• Avoid in patients with known allergy to bay leaf, its constituents, or plants in the Lauraceae or Compositae/Asteraceae families. Contact dermatitis (including airborne contact dermatitis), hand and face eczema, occupational asthma, perioral dermatitis with eczematous stomatitis, and cross-sensitization to Frullania have been reported.

Pregnancy and Breastfeeding

  • Use cautiously in pregnant or breastfeeding women due to lack of available scientific evidence. Bay leaf has been used historically to induce abortion. In Italian folk medicine, bay leaf has been used to promote the flow of breast milk.

Interactions

Interactions with Drugs

  • Bay leaf may increase the risk of bleeding when taken with drugs that increase the risk of bleeding. Some examples include aspirin, anticoagulants (blood thinners) such as warfarin (Coumadin®) or heparin, antiplatelet drugs such as clopidogrel (Plavix®), and nonsteroidal anti-inflammatory drugs such as ibuprofen (Motrin®, Advil®) or naproxen (Naprosyn®, Aleve®).
  • Bay leaf may lower blood sugar levels. Caution is advised when using medications that may also lower blood sugar. Patients taking insulin or drugs for diabetes by mouth should be monitored closely by a qualified healthcare professional, including a pharmacist. Medication adjustments may be necessary.
  • Bay leaf essential oil may have anticonvulsant (anti-epilepsy) effects. Individuals using bay leaf with other medications with anticonvulsant effects should consult with a qualified healthcare professional, including a pharmacist.
  • Use caution in patients taking central nervous system (CNS) depressants. Bay leaf essential oil may increase the amount of drowsiness caused by some drugs. Examples include benzodiazepines such as lorazepam (Ativan®) or diazepam (Valium®), barbiturates such as phenobarbital, narcotics such as codeine, some antidepressants, and alcohol. Caution is advised while driving or operating machinery.
  • Bay leaf may also interact with alcohol, angiotensin-converting-enzyme (ACE) inhibitors, antibiotics, anticancer drugs, antifungals, antivirals, gastrointestinal agents, lipid-lowering drugs, and quinolones, due to possible additive effects with bay leaf.

Interactions with Herbs and Dietary Supplements

  • Bay leaf may increase the risk of bleeding when taken with herbs and supplements that are believed to increase the risk of bleeding. Multiple cases of bleeding have been reported with the use of Ginkgo biloba, and fewer cases with garlic and saw palmetto. Numerous other agents may theoretically increase the risk of bleeding, although this has not been proven in most cases.
  • Bay leaf may lower blood sugar levels. Caution is advised when using herbs or supplements that may also lower blood sugar. Blood glucose levels may require monitoring, and doses may need adjustment.
  • Bay leaf essential oil may have anticonvulsant (anti-epilepsy) effects. Individuals using bay leaf with other herbs and supplements with anticonvulsant effects should consult with a qualified healthcare professional, including a pharmacist.
  • Bay leaf may increase the amount of drowsiness caused by some herbs or supplements.
  • Bay leaf may also interact with alcohol, antibacterials, anticancer herbs, antifungals, antioxidants, antivirals, coriander, gastrointestinal herbs, insect repellants, and lipid-lowering herbs.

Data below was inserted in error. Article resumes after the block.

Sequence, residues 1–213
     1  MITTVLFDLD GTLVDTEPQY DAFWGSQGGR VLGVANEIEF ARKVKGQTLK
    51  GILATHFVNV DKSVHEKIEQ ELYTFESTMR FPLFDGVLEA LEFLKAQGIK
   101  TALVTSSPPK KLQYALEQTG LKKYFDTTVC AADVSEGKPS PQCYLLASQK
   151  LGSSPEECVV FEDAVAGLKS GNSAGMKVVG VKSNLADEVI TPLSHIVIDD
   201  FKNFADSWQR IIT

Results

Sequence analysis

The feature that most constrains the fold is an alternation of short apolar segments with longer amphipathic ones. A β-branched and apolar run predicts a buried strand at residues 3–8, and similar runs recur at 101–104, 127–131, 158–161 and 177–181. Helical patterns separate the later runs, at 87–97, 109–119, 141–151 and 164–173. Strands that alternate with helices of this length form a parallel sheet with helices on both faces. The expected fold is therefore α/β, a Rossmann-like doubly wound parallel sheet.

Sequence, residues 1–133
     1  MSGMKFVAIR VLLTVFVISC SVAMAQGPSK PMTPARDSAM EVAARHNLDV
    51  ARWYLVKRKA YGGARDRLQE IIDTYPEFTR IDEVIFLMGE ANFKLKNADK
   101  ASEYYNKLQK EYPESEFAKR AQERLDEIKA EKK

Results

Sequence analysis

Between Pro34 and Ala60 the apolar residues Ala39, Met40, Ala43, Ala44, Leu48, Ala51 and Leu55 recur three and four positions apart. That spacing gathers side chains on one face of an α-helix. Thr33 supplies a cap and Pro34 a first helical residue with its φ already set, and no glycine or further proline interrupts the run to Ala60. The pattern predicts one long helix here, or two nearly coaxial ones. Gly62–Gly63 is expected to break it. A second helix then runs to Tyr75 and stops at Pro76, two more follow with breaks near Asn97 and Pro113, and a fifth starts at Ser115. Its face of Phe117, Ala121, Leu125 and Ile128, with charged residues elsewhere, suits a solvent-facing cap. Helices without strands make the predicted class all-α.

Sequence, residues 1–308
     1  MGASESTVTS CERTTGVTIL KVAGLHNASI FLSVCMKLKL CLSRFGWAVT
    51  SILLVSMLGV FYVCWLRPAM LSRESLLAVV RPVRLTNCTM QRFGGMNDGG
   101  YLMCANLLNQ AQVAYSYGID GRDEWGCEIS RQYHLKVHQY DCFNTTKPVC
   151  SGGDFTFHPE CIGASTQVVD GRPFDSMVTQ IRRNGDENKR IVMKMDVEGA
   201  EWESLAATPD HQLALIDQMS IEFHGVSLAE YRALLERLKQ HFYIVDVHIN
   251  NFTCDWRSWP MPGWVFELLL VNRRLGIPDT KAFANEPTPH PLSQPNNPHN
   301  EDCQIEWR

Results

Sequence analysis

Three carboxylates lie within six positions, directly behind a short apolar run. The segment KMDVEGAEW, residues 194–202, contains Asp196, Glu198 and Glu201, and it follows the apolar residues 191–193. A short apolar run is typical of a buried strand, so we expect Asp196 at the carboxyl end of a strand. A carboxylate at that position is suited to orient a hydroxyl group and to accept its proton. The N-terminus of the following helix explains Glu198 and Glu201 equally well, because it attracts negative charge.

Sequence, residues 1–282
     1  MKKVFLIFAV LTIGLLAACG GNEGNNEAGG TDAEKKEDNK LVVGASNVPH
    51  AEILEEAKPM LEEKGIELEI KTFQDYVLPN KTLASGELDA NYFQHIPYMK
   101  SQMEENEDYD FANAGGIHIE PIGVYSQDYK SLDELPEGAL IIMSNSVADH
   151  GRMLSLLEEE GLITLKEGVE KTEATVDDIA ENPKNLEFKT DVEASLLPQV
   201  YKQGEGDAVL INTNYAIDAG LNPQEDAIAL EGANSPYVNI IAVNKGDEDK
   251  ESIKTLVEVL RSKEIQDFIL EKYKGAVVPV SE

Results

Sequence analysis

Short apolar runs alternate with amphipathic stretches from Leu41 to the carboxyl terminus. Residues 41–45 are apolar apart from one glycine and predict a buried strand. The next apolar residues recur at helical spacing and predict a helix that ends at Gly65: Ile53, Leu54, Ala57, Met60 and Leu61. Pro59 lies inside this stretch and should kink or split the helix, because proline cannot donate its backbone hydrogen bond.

Attribution
  • This information is based on a systematic review of scientific literature edited and peer-reviewed by contributors to the Natural Standard Research Collaboration (www.naturalstandard.com).

Bibliography
  1. Ferreira A, Proenca C, Serralheiro ML, et al. The in vitro screening for acetylcholinesterase inhibition and antioxidant activity of medicinal plants from Portugal. J Ethnopharmacol 2006; 108(1):31-7.
  2. Hibasami H, Yamada Y, Moteki H, et al. Sesquiterpenes (costunolide and zaluzanin D) isolated from laurel (Laurus nobilis L.) induce cell death and morphological change indicative of apoptotic chromatin condensation in leukemia HL-60 cells. Int J Mol Med 2003;12(2):147-151.
  3. Khan A, Zaman G, Anderson RA. Bay leaves improve glucose and lipid profile of people with type 2 diabetes. J Clin Biochem Nutr 2009;44(1):52-56.
  4. Komiya T, Yamada Y, Moteki H, et al. Hot water soluble sesquiterpenes [anhydroperoxy-costunolide and 3-oxoeudesma-1,4(15),11(13)triene-12,6alpha-olide] isolated from laurel (Laurus nobilis L.) induce cell death and morphological change indicative of apoptotic chromatin condensation in leukemia cells. Oncol Rep 2004;11(1):85-88.
  5. Matsuda H, Shimoda H, Uemura T, et al. Preventive effect of sesquiterpenes from bay leaf on blood ethanol elevation in ethanol-loaded rat: structure requirement and suppression of gastric emptying. Bioorg Med Chem Lett 1999;9(18):2647-2652.
  6. Moteki H, Hibasami H, Yamada Y, et al. Specific induction of apoptosis by 1,8-cineole in two human leukemia cell lines, but not a in human stomach cancer cell line. Oncol Rep 2002;9(4):757-760.
  7. Nayak S, Nalabothu P, Sandiford S, et al. Evaluation of wound healing activity of . L. and . L. extracts on rats. BMC Complement Altern Med 2006;6:12.
  8. Sayyah M, Saroukhani G, Peirovi A, et al. Analgesic and anti-inflammatory activity of the leaf essential oil of Laurus nobilis Linn. Phytother Res 2003;17(7):733-736.
  9. Sayyah M, Valizadeh J, Kamalinejad M. Anticonvulsant activity of the leaf essential oil of against pentylenetetrazole- and maximal electroshock-induced seizures. Phytomedicine 2002;9(3):212-216.
  10. Simic A, Sokovic MD, Ristic M, et al. The chemical composition of some Lauraceae essential oils and their antifungal activities. Phytother Res 2004;18(9):713-717.
  11. Simic M, Kundakovic T, Kovacevic N. Preliminary assay on the antioxidative activity of extracts. Fitoterapia 2003;74(6):613-616.
  12. Soylu EM, Soylu S, Kurt S. Antimicrobial activities of the essential oils of various plants against tomato late blight disease agent . Mycopathologia 2006;161(2):119-128.
  13. Tsang TK, Flais MJ, Hsin G. Duodenal obstruction secondary to bay leaf impaction. Ann Intern Med 1999;130(8):701-702.
  14. Uchiyama N, Matsunaga K, Kiuchi F, et al. Trypanocidal terpenoids from L. Chem Pharm Bull (Tokyo) 2002;50(11):1514-1516.
  15. Van der Veen JE, De Graaf C, Van Dis SJ, et al. Determinants of salt use in cooked meals in The Netherlands: attitudes and practices of food preparers. Eur J Clin Nutr 1999;53(5):388-394.

Copyright © 2011 Natural Standard (www.naturalstandard.com)


The information in this monograph is intended for informational purposes only, and is meant to help users better understand health concerns. Information is based on review of scientific research data, historical practice patterns, and clinical experience. This information should not be interpreted as specific medical advice. Users should consult with a qualified healthcare provider for specific questions regarding therapies, diagnosis and/or health conditions, prior to making therapeutic decisions.